Sometimes the piece of art itself represents a story. Tom Nez describes a ring and bracelet set he made.

This is the San Xavier Mission, the first church building in Arizona, that's Father Kino walking, there's eagle flying over his head, there a saguaro cactus, there's a road runner, this is the Monument Valley where the rocks stickin in it, there's a bird, a jackrabbit, coyotes, and these little dots represents the water table. See that thing sticking out of the ground? That's called mesquite wood. It has my name inside too Nez. There you go.

This artist/seller is also an actor and a singer. I was directed to him by the producer of an Indian arts and crafts show because he was an "expert" at talking about his work. What is interesting about this story is that it has a beginning and an end indicated by "This is San Xavier Mission" and "There you go" respectively, yet it does not have any plot or depth. It is merely a list of discrete objects and places that are used to stereotype the Southwest. This is created by an artist who makes a lucrative living from playing the stereo-typical Indian in television shows and films, as well as in the sales setting. He is well known among the other sellers as one who exploits his Indianness. I asked a seller at the next booth if I could record some of the stories he tells about the sand paintings he sells and he adamantly refused, exclaiming "I'm no Tom Nez!" Although this seller refused to be recorded, his selling strategy was not unlike that of Nez, that is, spinning stories to increase marketability of his products.

Consumers may be mistaken if they perceive that they have learned all about an Indian artist and his or her culture. Nez illuminated other suspicions regarding the credibility of these stories.

I don't really tell the whole whole story you know, especially in Navajo culture. It takes uh almost a week to just to explain something you know, what it means. In general detail, you can do it you know, just like that...Everything I say here is just in general, but people like it.

Nez explains that the thumb-nail sketches serve to appease consumers without requiring him to expose too much of his own culture. The reduplication of the word "whole" may emphasize the fact that the entire story is bigger than one would expect. Finally, Tom prefaces the phrase "in general" with the word "just" to minimize the importance of the detail he omits from the stories. He stresses that people do enjoy his abbreviated stories.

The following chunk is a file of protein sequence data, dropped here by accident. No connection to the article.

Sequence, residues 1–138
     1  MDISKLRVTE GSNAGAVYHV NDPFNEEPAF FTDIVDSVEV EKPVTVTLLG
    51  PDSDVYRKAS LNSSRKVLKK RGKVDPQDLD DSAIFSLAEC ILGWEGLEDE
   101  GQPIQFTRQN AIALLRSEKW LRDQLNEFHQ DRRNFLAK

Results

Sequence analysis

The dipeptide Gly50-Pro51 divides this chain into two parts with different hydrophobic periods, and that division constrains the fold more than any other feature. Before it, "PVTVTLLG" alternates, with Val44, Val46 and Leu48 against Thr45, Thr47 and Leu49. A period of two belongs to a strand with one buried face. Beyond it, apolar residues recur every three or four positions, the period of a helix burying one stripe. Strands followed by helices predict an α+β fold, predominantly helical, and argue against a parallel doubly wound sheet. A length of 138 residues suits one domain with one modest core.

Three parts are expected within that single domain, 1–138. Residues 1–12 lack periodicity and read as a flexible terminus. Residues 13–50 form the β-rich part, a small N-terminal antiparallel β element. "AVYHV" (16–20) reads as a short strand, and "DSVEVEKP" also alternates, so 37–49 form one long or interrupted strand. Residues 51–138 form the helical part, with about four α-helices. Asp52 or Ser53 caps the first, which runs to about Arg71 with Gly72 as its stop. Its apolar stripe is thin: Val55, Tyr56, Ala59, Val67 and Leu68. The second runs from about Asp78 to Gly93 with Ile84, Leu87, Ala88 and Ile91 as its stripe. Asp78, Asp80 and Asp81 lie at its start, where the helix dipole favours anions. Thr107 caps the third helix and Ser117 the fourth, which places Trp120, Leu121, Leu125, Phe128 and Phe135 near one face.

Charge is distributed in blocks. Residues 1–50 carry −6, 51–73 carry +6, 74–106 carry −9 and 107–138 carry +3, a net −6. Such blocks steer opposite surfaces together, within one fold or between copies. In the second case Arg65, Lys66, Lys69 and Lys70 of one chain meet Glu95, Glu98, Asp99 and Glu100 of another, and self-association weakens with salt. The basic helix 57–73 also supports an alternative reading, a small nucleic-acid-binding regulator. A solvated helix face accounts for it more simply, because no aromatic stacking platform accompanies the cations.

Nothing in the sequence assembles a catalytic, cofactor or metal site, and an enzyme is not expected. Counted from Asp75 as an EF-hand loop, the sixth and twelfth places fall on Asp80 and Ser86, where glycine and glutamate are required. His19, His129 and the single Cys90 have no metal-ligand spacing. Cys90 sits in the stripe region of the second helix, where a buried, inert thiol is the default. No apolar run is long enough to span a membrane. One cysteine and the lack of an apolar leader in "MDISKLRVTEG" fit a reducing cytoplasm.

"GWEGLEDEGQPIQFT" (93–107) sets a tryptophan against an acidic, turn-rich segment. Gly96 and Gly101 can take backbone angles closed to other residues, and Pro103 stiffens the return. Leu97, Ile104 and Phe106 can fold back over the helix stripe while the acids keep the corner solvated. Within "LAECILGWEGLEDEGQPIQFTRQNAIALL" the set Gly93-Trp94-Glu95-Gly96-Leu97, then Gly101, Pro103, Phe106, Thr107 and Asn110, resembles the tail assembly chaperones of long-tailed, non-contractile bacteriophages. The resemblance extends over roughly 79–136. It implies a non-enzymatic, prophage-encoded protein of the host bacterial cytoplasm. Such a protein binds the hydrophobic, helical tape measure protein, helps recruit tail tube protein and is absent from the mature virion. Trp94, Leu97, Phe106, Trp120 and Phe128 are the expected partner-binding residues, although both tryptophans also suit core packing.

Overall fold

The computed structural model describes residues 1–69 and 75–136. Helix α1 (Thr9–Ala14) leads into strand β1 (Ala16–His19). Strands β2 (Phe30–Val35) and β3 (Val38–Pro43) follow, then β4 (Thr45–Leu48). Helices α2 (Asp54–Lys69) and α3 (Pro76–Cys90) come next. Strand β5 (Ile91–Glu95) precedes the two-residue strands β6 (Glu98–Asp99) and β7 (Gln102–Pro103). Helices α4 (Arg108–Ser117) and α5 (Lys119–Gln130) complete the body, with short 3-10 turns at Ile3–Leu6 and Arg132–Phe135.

Another selling technique involving stories was employed at a gallery run by a jeweler who creates designs based on Aleut stories and legends passed down through her grandmother. During Indian Market week, a Yup'ik storyteller performed in the back room of the gallery. He was quoted (Podany 1991) as saying:

What I do is because of my grandmother. Most of the songs I initially learned were from her. So, it's her singing through me. We're all in this together.

Here, we see reference to an elder, a grandparent. Stories seem to have greater power, greater authenticity, if they are passed down through the generations. The phrase "her singing through me" also indicates a special, perhaps supernatural, transference of the stories. Finally, in stating "We're all in this together", the storyteller is implying a solidarity which is shared by native peoples. In this, he suggests that it is important to retain the old traditions and he is pleased to be able to share these. What is not said is that consumers associate the power and authenticity of the stories with the products and the gallery.

Throughout this discussion of the language used to promote these products, the following metaphors have been presented:

The Indian is a spiritual being. The Indian lives a traditional lifestyle. Indians are connected to stories that are passed on through the generations. Indians are associated with symbols that bring luck, blessings, rain, etc.